According to Levy-Eichel, the transition to virtual schooling presented the opportunity for innovation in an otherwise very conservative field. However, due to the inertial state of education and the collective suffering under the pandemic, very few innovations occurred. For students, this meant that those who were under-served by the pre-pandemic education system suffered even more intensely in virtual schooling. According to Jane Karr, Journalism Lecturer at Yale and former editor for the Education section of the New York Times, many of the “least privileged” families lacked good internet access while a great deal of schools in low-income areas were unable to provide the same quality of education as their wealthier counterparts.

“The numbers of students lost by the system altogether is stunning,” said Karr.

Bellwether Education Partners, a national nonprofit focused on assisting underserved children through education, estimated that three million of the “most educationally marginalized students in the country” have been missing from classrooms since March of 2020. Karr noted that beyond the purely educational aspect of elementary schools, many communities rely on educational institutions for quality meals, physical education, and assistance in helping young people learn to socialize and be a part of a community.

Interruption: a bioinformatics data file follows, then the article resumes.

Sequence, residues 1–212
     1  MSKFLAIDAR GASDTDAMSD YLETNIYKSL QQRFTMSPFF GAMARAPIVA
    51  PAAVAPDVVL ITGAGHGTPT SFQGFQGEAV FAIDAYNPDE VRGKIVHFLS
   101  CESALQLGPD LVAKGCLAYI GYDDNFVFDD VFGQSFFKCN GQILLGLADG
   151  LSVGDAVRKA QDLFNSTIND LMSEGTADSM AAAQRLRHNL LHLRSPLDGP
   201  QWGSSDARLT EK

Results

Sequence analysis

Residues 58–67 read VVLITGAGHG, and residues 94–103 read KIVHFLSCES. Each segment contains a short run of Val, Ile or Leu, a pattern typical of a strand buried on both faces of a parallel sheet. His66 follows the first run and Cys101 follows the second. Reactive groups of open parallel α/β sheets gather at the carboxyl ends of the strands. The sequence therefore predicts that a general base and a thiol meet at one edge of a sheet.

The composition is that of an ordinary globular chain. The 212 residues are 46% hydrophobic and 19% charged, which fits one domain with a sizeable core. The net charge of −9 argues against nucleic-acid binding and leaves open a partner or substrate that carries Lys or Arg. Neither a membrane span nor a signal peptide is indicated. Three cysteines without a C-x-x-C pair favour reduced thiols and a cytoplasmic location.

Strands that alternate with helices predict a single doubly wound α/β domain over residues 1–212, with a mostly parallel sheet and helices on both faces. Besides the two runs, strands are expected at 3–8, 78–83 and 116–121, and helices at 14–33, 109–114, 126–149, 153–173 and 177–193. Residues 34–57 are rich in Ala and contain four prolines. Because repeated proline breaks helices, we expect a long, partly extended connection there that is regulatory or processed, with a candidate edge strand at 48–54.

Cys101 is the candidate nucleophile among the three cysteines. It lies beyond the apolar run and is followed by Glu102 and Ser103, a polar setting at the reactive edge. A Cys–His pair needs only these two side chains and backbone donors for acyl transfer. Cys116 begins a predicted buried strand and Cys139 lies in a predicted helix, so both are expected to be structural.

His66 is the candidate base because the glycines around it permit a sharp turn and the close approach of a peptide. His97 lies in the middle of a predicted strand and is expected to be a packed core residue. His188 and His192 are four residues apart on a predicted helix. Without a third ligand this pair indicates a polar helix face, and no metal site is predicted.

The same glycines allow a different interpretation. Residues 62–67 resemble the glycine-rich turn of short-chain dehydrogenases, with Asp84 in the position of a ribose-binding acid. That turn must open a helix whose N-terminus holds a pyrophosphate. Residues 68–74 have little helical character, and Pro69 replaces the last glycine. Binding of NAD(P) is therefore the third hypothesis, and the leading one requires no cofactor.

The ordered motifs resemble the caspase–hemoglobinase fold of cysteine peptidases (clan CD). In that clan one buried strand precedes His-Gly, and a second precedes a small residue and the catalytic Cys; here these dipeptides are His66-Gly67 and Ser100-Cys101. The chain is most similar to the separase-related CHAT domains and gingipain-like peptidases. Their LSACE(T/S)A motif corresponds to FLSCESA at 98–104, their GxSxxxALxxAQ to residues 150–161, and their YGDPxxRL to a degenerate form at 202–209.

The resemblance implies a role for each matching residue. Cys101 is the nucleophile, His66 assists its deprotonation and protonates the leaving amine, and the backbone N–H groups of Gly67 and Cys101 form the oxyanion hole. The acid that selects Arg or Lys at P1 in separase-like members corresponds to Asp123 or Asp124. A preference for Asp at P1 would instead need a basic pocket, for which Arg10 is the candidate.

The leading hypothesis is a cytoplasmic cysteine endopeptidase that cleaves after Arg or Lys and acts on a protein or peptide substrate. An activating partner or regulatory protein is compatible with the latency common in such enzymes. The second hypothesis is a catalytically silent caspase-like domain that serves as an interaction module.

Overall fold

“We expect a lot from our schools,” Karr said. For the over three million students missing from classrooms, they are unable to receive the support previously given by their schools.

Despite the large expectation many have for educators and their institutions, a great number of the individuals responsible for American education did not receive the training necessary to launch into a fully digital classroom. “What struck me was how little energy teachers unions and schools put into training their staff in online instruction,” Karr said. Even for those still attending school virtually, by the Fall of 2020 students coming from lower-income households were more than four times more likely to experience one of three “digital obstacles” preventing their education compared to their upper-income counterparts. According to data from the Pew Research Center in September of 2020, these digital obstacles included: having to do schoolwork with a cellphone, having to use public wifi to finish schoolwork due to lack of reliable home internet access, and not being able to complete schoolwork due to lack of a home computer. Of the parents who anticipated that their children may face one of these obstacles, 92% were in favor of schools providing broadband access for students. Comparatively, 52% of all Americans were in favor of government support for internet access.